Hunger Task Force helps seniors 'stock up' on nutrition
"What did you bring for us today?" exclaimed a small but excited group of residents at Eagle Meadows in Eagle.
As Ed Landsittel and Bill Runnells, both volunteers at Mukwonago Food Pantry, unloaded their car outside, residents quickly peeked in boxes and chatted about this week's special treat: milk from Waukesha's Golden Guernsey Dairy, which recently shut down.
Once a month, these residents meet in the common lobby they all share and receive what are referred to as "stockboxes." The Stockbox program is run through the Hunger Task Force and is a federally sponsored program that provides supplemental food items to low-income seniors who qualify.
According to Sherrie Tussler, executive director of Hunger Task Force of Milwaukee, the program began in the 1980s and allows seniors who are at least 60 years old and meet income requirements to receive a variety of nutritious items once a month that help in rounding out their grocery lists.
"(Stockbox) allows them to use the limited resources they have to buy other things or food items such as those that are fresh and perishable," Tussler said. "The boxes include USDA grade A commodities and help to stretch a senior's pantry."
The items typically included in the box are dried beans, canned meat, peanut butter, dried and canned milk, cereal, juice, canned vegetables, canned fruit, rice, potato or pasta and Wisconsin cheese.
According to Tussler, there are currently 9,200 seniors registered with Milwaukee Hunger Task Force, their limit for the year. They also have a waitlist, but since registered seniors stay on the list for life or until their circumstances change, enrollment in the program is currently closed.
The food, which is purchased by the federal government, is packed into boxes by local volunteers and distributed to food pantries throughout the area. Pantries then designate dropoff or pickup sites based on their specific needs.
In addition to being a pickup site, the Mukwonago Food Pantry takes stockboxes to three senior living complexes: Birch Rock, Eagle Meadows and Lake View Terrace. According to Cindy Eggleston, executive director of the Mukwonago Food Pantry, the pantry serves 50 seniors with the help of the stockboxes.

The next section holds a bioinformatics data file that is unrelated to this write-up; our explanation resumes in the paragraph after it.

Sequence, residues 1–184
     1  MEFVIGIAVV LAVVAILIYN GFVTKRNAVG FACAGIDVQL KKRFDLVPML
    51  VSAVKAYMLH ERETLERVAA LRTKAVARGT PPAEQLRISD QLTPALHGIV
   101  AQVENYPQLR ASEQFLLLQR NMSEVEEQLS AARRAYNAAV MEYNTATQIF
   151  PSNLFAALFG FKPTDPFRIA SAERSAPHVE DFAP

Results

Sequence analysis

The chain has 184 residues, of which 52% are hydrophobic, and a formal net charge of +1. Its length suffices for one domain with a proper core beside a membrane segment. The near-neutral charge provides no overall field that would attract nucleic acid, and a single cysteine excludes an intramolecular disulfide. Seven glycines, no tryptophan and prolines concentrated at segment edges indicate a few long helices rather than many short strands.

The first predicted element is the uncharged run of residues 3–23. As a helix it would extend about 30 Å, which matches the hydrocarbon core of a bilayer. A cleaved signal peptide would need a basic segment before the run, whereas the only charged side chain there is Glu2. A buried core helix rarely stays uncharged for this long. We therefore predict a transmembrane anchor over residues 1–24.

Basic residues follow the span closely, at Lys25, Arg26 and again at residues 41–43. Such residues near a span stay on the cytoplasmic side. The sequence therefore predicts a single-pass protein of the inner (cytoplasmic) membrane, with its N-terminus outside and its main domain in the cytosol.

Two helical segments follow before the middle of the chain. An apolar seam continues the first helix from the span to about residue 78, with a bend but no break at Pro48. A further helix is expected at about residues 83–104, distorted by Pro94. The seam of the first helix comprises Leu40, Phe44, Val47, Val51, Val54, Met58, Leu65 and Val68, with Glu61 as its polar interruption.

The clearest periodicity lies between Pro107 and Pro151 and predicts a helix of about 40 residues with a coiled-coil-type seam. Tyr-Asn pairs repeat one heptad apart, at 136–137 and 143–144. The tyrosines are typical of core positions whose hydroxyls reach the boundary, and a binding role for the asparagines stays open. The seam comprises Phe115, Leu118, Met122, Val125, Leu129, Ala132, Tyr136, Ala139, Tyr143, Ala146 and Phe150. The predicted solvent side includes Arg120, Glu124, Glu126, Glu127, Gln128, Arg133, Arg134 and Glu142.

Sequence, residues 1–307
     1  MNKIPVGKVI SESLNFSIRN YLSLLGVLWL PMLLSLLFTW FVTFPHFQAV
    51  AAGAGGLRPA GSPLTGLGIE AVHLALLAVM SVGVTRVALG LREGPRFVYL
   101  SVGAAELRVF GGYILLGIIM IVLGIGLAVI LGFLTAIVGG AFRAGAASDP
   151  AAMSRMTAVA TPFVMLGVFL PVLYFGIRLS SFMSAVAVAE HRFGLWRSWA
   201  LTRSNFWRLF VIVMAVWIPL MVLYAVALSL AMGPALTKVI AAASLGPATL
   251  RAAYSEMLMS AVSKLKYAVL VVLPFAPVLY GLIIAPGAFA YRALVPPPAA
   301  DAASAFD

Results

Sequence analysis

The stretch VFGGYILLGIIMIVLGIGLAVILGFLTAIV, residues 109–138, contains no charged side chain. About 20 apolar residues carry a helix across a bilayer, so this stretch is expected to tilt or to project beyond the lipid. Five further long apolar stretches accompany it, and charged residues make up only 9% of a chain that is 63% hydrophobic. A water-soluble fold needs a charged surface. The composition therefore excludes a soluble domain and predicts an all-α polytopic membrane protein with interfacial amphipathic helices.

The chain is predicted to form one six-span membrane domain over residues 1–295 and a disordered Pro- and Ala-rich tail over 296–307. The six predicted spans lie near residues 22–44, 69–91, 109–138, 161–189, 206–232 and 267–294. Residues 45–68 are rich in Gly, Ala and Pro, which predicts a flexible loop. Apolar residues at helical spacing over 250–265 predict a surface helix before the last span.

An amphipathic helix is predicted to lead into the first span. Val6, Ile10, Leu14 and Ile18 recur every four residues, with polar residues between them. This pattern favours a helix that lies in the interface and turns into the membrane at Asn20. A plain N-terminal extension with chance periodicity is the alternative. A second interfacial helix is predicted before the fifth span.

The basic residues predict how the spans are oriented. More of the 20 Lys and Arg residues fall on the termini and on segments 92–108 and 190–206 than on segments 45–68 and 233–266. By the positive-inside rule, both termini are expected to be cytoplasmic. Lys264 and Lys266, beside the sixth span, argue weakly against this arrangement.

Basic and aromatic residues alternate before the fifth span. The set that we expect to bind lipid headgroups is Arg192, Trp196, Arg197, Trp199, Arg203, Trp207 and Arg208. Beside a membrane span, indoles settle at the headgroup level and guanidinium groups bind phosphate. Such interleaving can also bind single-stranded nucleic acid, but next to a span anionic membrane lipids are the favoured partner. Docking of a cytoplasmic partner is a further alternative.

On a sunny and very chilly Wednesday afternoon, Hunger Task Force employee Brian Murray dropped off this month's supply of 50 stockboxes and brought along that special supply of recovered pint-size Golden Guernsey milk. The smiles were endless and the excitement over milk and the donated bread products put an extra energy in the air as seniors emerged from their apartments to socialize and sign for their box of pantry favorites.
Bernice Sodenwasser, a resident, sat comfortably on the arm of a plush chair and opened her pint of milk. With a long sip and a smile, Sodenwasser explained the value of the program.
She said she appreciates all the items in the box, and it's hard to pick a favorite. It only took a second for her to change her answer.
"Well, today my favorite is the chocolate milk!" she exclaimed, and went back to sipping on her pint.
Over the chatter and excitement, Runnells and Landsittel began helping residents carry the boxes to their rooms. Some residents remained to sit down with Kathy Saltzmann, a community outreach nurse at ProHealth Care.
Saltzmann does office hours with the Mukwonago Food Pantry and as part of that, visits Eagle Meadows once a month and Lakeview Terrace twice a month. She comes to Eagle Meadows on the same day and at the same time as the stockboxes.
"It's so convenient for the residents," Saltzmann said. "We know they will come out and get their box, and then they can talk to me if they'd like."
Saltzmann provides blood pressure screenings, does chair exercises and answers some general health questions for each resident.
Lynn Wilke sat with Saltzmann discussing her diabetes, while Wilke's dog, Angel, curled up in her lap.
"(Stockboxes) have been important especially for me because I've been diabetic for 40 years," Wilke said. "It's helpful to have extra nutrition, especially the juice if my sugar is low."
While this is not part of the federal program, Mukwonago Food Pantry works with Saltzmann to provide these extra services to residents free of charge to help the community.
To find out more about the Stockbox program, visit the Mukwonago Food Pantry. To find out whether you or someone you know is qualified to be placed on the stockbox waitlist, call 211 from any landline phone or (866) 211-3380 from a cellphone.
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